I was originally going to write a post all about canning for today—and even have an awesome giveaway from Ball jars for you—but that’ll have to wait until next week, because, kids, I’ve got something to say. And it probably isn’t going to be popular.
I’m annoyed by bacon.
Unless you’ve been under a rock, you’ve probably noticed that bacon and really, other kinds of “naughty” stigma foods, have become really hip and trendy. I know it sounds silly to say food has become trendy, but when you can walk into an Urban Outfitters and find a whole section of bacon-themed goods, it’s trendy. Hipsters, unite!
Now, I have no issues with bacon itself. In fact, quite the opposite. I freaking love bacon. It’s delicious! And good with just about everything. Bacon rocks! I’d actually love to be noming on some bacon rightthisverysecond.
My issue with bacon is the fact that it (and again, other not-so-healthy foods) have become this calling card for women to project their care-free approach to eating. I don’t have disordered eating! You know why? Because I eat lots of bacon! I put bacon on everything! I love bacon! I’m slender and like bacon! Look how cute and quirky I am! I can eat twenty pounds of bacon and still fit into my Daisy Dukes! That’s balance!
And that, in-and-of-itself, is even fine, in moderation. My real problem with this whole situation is the complete and total double-standard.
I really a lot of blogs. A lot of blogs. And a whole lot of those are food blogs. And the vast majority of them are written by beautiful, intelligent, clever, creative women (or else, I wouldn’t read them, obviously). But I’ve noticed an insane double standard when it comes to posting decadent recipes. A hypothetical example: a slender, single-digit-sized blogger can post a recipe with bacon and chocolate and cheese and twenty pounds of pork rinds and get lauded for how carefree she is about food. She’s a hero! She’s skinny AND eats like that! She must be super woman!
The double-standard comes in when a more zaftig blogger posts a similar recipe. I have my fair share of decadent desserts on this blog (which are way out-numbered by healthified, clean-eating recipes, by the way) and I have gotten multiple emails and comments telling me I shouldn’t be posting recipes like that. I’m not being a good role model. I’m celebrating obesity. I’m being irresponsible. I’ve even been told I should just stop trying to pretend I’m healthy because I post a recipe for Butterfinger Cheesecake or Bacon and Brie Mac and Cheese every now and again. Somehow, because I weigh 75+ pounds more than your “average” blogger it’s downright offensive that I post food like that. How dare I! I’m fat. I should be eating kale only! I’m a terrible role model!
If you’re a size six and eat bacon, you’re a hero! But if you’re a size 16 and eat it, you should be berated for your bad behavior. Why, hello there, double-standard. Nice to see you.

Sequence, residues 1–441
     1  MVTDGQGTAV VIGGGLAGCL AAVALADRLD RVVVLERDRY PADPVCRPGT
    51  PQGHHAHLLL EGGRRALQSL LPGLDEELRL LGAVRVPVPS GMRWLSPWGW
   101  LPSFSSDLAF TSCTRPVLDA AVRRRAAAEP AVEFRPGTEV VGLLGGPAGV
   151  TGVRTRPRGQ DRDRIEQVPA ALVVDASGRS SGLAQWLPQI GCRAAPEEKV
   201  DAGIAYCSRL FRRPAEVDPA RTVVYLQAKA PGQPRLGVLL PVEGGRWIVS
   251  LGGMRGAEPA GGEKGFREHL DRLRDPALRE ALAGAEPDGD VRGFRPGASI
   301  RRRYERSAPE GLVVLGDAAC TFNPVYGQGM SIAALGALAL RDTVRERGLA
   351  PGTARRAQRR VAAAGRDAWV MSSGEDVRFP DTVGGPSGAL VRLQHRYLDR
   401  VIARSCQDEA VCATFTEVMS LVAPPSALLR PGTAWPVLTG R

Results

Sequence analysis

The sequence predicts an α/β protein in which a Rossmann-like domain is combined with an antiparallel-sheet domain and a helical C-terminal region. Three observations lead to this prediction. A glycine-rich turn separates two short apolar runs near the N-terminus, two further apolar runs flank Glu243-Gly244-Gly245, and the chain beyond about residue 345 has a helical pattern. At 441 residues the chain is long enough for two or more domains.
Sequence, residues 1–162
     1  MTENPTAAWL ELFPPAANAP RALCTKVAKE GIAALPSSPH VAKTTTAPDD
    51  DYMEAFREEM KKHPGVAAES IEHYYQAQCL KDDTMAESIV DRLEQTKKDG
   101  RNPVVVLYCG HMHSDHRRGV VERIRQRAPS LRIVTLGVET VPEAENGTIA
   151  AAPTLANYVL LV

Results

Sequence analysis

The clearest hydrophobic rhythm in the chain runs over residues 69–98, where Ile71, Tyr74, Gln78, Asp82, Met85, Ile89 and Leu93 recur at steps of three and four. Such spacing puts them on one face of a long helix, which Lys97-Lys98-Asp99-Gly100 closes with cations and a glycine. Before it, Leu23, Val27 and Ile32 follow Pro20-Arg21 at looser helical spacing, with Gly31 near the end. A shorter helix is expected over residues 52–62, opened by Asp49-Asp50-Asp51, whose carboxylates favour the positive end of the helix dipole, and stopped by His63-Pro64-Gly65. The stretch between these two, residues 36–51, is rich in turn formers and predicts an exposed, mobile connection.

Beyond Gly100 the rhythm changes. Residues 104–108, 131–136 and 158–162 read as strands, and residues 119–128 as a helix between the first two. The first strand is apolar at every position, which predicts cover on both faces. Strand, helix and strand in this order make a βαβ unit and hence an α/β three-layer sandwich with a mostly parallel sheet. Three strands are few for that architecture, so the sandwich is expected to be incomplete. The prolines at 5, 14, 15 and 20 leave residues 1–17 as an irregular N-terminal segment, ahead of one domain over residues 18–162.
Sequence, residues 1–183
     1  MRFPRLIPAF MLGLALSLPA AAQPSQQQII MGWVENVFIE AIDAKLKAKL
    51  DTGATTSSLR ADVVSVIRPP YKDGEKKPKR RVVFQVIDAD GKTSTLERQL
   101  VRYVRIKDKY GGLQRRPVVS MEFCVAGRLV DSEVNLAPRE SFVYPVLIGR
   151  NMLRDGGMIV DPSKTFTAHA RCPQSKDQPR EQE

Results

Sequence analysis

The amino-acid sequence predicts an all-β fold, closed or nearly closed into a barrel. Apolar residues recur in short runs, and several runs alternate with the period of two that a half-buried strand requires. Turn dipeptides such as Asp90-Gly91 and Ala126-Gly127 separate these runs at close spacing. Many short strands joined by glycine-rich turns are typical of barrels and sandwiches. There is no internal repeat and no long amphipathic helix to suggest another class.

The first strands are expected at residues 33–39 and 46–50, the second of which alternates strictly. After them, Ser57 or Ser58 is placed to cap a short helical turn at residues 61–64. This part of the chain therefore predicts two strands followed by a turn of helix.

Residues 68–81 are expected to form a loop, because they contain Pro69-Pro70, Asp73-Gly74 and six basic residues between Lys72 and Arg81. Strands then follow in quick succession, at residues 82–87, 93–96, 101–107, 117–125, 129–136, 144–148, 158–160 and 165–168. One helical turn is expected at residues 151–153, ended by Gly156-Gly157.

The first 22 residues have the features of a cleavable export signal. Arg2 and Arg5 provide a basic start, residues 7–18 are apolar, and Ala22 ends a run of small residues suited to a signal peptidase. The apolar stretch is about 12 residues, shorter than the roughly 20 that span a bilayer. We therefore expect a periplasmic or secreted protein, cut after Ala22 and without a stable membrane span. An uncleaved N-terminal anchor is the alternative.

Oh wait, not really.
It’s not only in the blog world, obviously. It’s rampant in all of our media. You all know I love Gilmore Girls, but one of the top things I can’t stand about it (right behind Alexis Bledel’s painfully awkward hugs) is the portrayal of their diet of candy, fried food, take-out and coffee as cute and quirky. We’re led to believe that it’s an adorable characteristic that these naturally slender women can binge on pizza and cookie dough for seven straight seasons without gaining an ounce. There is something endearing about their pig out sessions. Why? Because it’s cute when skinny girls pig out. But there is article after article chastising Mike and Molly for portraying an overweight couple that eats unhealthy foods. Oh hey, double-standard is double. It’s okay for the beautiful skinny girls to eat like crap, but showing the fatties eating like crap is disgusting!
And what about the infamous Burger King bacon sundae? It finds itself in the center of the obesity debate. How dare they come out with such a fat-laden, caloric food in the midst of the obesity crisis! Yet, if a slender chef on Food Network suggested a similar recipe or a bacon sundae recipe shows up in the pages of a glossy magazine, it’s cheered. Now I’m in no way condoning the consumption of fast food, but what’s the difference? Why is it such a terrible thing from Burger King but so innovative and fun from someone else?
So why is it okay in our culture to be skinny and eat crappy, but not be fat and eat crappy? To me, there isn’t much difference. Even worse, it seems like to be skinny and eat crappy is even better than to be fat and eat healthy. How in the heck does that make any sense? In high school, I was the smallest I’ve ever been. I was about 50 pounds lighter than I am now, I lived on a diet of Honey Buns from the school vending machine and Mountain Dew. Let me tell you, I feel better, more alive, more energetic now at 50 pounds heavier than I ever did then. Food matters. And I think it matters a heck of a lot more than dress size.
I say, let’s eat bacon. Let’s all eat bacon, if that’s your thing! But let’s do it in moderation and without it being a social commentary on our eating styles. Just because I eat bacon every now and again doesn’t make me a lazy lardass who can’t control her eating habits and just because a slender girl eats bacon doesn’t make her the epitome of balanced eating. So let’s stop treating certain foods as if they speak volumes. Let’s stop celebrating slender women for eating something “bad” and let’s stop shaming overweight women for doing the same. Because neither of those are productive.
In general, let’s just…judge less, k? You with me?
Now go make yourself a B.L.T.
What do you think? Do you see the double standard? Do you think it’s fair? Am I overreacting? Do you think overweight people should be shamed for making poor choices? Do you think slender people should be celebrated for making the same choices? Do you think food choices should be judged, period?